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In case any of the longarmers out there would like to get involved. Quilts of Valor is look for longarmers to quilts tops for them. Look at their website for more information from Elayne Gassett, www.QOVF.org I have been doing quilting for this organization for the past three years and has been great. Gives me lots of opportunities to create designs on various quilts and hone my quilting skills. The quilt tops I received have always been of quality peicing so not a lot of issues when quilting. They are in need of more longarmers and it is a great way to give back to our veterans.

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I quilted for QOV for about a year.

I had to give it up, as I was getting tops that were absolutely HELPLESS, and all I was doing was trying to figure ways to make it look presentable.

 

Now,with that said, i've seen MANY QOV quilts that were not only pieced wonderfully, but quilted with pride and not just panto'd to death or meandered.

 

Im sure the QOV foundation has since then, monitored these groups who piece together the  QOV tops.

 

It IS an awesome thing to do gals. If my time would allow, and my body....or if I had a computer...i'd custom and join back in, in a heartbeat!!!

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Very rewarding.  I quilted them for around 3 years too.  I haven't received one of my own yet, but I know the time will come someday.  Have any of the other veterans on here received a QOV?  I'm not complaining, the veterans in country,  hospitals and VA homes need them much more than me.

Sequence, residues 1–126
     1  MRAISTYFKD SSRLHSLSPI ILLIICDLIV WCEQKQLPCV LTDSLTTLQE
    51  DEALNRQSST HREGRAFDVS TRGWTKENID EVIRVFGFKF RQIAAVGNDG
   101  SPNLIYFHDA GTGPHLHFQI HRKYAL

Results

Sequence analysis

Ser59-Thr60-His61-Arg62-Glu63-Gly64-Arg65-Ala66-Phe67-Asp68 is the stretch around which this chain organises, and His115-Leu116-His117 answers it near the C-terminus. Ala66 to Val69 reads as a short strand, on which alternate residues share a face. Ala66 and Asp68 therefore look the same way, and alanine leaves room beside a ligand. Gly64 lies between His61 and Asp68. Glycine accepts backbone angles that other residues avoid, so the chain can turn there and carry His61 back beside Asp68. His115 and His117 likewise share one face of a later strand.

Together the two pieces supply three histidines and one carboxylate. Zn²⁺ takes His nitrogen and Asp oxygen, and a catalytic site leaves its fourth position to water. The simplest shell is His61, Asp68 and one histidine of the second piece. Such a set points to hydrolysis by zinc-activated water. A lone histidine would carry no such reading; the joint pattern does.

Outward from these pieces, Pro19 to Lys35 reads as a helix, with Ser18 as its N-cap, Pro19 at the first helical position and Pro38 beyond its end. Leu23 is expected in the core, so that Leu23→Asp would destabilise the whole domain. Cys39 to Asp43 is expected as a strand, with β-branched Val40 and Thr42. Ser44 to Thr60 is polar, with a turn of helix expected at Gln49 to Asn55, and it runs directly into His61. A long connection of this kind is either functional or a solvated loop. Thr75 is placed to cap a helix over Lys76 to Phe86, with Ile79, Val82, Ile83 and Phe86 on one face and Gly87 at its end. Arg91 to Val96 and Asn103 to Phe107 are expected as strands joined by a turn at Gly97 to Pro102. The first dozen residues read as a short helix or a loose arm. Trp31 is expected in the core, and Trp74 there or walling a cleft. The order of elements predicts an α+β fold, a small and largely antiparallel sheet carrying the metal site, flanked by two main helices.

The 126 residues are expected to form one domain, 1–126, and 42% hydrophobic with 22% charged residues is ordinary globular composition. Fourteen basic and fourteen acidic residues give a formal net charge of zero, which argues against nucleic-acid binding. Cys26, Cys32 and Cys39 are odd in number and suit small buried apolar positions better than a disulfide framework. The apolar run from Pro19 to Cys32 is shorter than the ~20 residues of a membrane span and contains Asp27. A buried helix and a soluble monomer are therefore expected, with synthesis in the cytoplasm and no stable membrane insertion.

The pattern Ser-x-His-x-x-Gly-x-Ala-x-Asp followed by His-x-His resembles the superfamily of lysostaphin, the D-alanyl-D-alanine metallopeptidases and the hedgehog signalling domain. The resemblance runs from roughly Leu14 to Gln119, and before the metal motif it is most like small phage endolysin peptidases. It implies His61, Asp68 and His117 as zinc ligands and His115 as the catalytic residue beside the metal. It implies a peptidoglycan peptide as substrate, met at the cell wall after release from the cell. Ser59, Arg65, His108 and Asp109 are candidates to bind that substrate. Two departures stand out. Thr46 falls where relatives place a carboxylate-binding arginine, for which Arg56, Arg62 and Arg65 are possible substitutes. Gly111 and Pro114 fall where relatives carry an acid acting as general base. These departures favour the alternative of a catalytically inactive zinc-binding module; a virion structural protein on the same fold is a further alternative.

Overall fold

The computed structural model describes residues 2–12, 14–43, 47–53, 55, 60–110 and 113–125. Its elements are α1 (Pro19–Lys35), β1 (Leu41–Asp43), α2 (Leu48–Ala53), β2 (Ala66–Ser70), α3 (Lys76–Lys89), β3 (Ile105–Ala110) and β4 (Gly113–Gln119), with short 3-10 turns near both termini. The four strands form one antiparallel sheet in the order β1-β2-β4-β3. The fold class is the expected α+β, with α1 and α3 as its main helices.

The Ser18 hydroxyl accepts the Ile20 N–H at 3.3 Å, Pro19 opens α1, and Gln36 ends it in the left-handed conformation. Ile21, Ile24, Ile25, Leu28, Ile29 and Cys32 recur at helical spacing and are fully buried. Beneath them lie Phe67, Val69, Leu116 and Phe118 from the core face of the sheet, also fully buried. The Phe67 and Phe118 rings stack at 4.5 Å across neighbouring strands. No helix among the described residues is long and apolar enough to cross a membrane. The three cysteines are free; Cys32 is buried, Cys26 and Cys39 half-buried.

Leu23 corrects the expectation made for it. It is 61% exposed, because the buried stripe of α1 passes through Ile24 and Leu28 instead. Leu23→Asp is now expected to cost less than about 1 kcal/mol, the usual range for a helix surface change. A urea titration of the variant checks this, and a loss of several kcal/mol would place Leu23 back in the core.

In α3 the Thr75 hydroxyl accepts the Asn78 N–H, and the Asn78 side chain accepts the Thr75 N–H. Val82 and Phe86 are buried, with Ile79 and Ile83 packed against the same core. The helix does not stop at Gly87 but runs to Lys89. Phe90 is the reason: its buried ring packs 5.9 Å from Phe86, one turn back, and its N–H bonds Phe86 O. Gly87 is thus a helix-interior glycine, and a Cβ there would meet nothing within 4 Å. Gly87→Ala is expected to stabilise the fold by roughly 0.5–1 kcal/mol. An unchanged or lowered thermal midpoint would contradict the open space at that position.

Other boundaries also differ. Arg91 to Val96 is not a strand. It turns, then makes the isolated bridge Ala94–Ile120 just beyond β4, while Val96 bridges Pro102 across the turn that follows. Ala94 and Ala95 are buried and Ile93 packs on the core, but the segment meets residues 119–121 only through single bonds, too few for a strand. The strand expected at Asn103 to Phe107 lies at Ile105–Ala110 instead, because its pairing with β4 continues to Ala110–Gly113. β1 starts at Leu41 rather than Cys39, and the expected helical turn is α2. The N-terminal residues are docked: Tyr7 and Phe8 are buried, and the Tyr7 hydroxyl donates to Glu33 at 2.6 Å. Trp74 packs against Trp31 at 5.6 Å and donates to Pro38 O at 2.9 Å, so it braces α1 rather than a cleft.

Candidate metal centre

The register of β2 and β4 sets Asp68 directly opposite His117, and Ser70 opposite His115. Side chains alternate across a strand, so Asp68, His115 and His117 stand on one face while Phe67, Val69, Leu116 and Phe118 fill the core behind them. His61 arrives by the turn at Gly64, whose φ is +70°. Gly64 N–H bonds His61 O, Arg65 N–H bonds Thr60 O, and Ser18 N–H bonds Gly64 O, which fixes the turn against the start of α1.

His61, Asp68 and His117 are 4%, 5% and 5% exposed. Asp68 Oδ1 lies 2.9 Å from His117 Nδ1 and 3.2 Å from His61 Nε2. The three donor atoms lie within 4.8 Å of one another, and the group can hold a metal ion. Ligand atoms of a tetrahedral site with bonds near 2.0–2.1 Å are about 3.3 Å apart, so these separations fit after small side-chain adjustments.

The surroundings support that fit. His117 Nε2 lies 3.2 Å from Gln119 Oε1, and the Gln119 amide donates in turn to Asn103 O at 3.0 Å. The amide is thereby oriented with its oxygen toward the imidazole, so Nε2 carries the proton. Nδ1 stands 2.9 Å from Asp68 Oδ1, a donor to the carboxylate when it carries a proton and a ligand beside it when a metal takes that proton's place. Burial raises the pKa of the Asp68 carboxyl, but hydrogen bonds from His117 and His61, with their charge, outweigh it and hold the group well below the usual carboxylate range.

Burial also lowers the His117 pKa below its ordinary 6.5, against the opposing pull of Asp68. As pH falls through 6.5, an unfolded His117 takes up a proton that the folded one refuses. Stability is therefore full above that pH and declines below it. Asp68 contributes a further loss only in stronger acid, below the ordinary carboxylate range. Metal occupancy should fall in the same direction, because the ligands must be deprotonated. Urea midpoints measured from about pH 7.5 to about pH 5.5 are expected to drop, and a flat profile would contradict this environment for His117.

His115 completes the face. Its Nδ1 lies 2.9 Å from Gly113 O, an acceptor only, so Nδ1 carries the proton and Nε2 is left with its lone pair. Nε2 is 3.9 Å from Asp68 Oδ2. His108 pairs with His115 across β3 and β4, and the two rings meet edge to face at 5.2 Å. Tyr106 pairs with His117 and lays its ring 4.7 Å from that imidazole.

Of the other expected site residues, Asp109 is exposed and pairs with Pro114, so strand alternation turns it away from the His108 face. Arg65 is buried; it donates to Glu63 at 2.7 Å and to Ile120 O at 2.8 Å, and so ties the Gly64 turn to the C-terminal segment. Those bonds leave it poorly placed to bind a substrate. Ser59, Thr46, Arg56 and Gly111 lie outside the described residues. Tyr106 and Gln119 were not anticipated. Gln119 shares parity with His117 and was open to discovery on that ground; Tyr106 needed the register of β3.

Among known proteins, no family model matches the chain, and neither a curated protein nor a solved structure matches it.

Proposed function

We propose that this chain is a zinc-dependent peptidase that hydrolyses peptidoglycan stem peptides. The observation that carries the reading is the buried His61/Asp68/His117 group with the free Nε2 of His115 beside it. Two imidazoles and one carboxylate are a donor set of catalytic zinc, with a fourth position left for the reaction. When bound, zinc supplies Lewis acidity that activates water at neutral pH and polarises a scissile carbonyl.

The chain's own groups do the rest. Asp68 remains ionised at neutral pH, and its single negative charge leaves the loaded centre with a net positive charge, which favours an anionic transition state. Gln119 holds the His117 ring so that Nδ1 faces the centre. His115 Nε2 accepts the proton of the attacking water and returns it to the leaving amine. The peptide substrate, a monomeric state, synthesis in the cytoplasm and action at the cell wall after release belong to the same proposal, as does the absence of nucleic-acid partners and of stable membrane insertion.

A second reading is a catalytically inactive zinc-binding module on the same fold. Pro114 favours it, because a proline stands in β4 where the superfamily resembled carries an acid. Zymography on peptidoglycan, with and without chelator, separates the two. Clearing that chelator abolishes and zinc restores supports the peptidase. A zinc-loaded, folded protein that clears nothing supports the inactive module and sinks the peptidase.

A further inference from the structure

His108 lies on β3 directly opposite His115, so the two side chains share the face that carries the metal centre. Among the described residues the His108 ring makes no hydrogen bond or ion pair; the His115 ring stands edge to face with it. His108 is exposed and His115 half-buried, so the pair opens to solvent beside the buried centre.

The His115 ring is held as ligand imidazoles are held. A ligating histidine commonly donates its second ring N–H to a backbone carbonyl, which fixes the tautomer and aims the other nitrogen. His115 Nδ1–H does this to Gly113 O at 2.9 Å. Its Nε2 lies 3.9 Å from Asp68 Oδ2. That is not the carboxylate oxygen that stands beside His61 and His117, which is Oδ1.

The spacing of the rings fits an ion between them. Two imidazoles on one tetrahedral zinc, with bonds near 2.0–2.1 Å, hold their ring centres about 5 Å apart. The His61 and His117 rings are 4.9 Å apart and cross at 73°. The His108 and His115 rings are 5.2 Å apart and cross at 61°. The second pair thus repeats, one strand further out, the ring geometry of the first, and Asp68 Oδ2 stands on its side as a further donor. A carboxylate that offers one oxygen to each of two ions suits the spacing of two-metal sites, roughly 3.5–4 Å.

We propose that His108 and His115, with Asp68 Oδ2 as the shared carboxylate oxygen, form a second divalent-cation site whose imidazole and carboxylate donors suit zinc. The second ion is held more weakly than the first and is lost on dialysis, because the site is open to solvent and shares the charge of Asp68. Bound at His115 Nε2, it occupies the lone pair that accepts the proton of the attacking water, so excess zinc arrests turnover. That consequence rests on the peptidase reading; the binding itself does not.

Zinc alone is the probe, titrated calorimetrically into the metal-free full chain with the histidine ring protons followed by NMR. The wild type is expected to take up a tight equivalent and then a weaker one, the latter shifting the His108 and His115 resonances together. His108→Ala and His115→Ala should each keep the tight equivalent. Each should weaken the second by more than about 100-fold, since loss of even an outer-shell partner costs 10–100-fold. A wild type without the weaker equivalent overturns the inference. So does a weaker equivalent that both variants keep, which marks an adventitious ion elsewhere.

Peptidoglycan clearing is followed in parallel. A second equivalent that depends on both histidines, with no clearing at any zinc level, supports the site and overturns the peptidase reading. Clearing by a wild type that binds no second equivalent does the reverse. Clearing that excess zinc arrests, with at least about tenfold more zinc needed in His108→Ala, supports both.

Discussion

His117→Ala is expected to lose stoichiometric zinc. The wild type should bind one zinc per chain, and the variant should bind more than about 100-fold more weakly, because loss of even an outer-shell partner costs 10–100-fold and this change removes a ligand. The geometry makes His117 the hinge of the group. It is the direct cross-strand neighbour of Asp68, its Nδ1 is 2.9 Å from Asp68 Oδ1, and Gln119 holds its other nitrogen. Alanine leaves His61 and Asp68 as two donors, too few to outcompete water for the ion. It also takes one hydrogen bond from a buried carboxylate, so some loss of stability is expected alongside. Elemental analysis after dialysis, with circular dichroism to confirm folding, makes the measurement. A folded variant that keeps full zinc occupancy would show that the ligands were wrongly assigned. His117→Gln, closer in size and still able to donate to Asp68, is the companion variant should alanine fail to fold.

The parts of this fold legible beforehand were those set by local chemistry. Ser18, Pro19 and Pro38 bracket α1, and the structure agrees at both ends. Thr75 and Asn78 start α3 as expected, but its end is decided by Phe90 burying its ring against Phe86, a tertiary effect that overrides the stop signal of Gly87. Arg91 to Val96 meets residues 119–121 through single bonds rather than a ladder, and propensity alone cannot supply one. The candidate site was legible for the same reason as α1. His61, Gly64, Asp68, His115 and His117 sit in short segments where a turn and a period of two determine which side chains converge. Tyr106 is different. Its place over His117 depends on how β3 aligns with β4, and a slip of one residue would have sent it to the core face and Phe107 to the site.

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Connie I haven't received one either but have referred older veterans for getting one because they were on hospice for health complications from mitilary duty.

Sheri sorry to hear about your experience but think QOV is monitoring the program better now. I am always told if it isn't quality work to send it back.

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I have been quilting for the QOV group in San Diego area for the past 5 years.  Most of the quilt tops I am given are very well designed and thought out with quilt shop quality fabrics.  I have received a few wonky ones, but the piecers tried and did their best.  It was my duty to make them beautiful for a veteran to cherish. 

The ladies in the group that I have meet are very lovely and hard working for the QOV cause.  It is a worth while organization and I really enjoy quilting for them.  I try to quilt 2 tops a month for them. 

I wish more quality longarmers would lend them a hand.  It is a heartwarming experience.

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I have been quilting for the QOV group in San Diego area for the past 5 years. Most of the quilt tops I am given are very well designed and thought out with quilt shop quality fabrics. I have received a few wonky ones, but the piecers tried and did their best. It was my duty to make them beautiful for a veteran to cherish.

The ladies in the group that I have meet are very lovely and hard working for the QOV cause. It is a worth while organization and I really enjoy quilting for them. I try to quilt 2 tops a month for them.

I wish more quality longarmers would lend them a hand. It is a heartwarming experience.

I agree and I also do two a month.

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Connie,

I found my birth father and saw him for the first time since I was 14 months old, on March 4th of this year.

He was in a VA hospital.

Korean War Veteran.

I looked for 40 years for him. Since I was 18.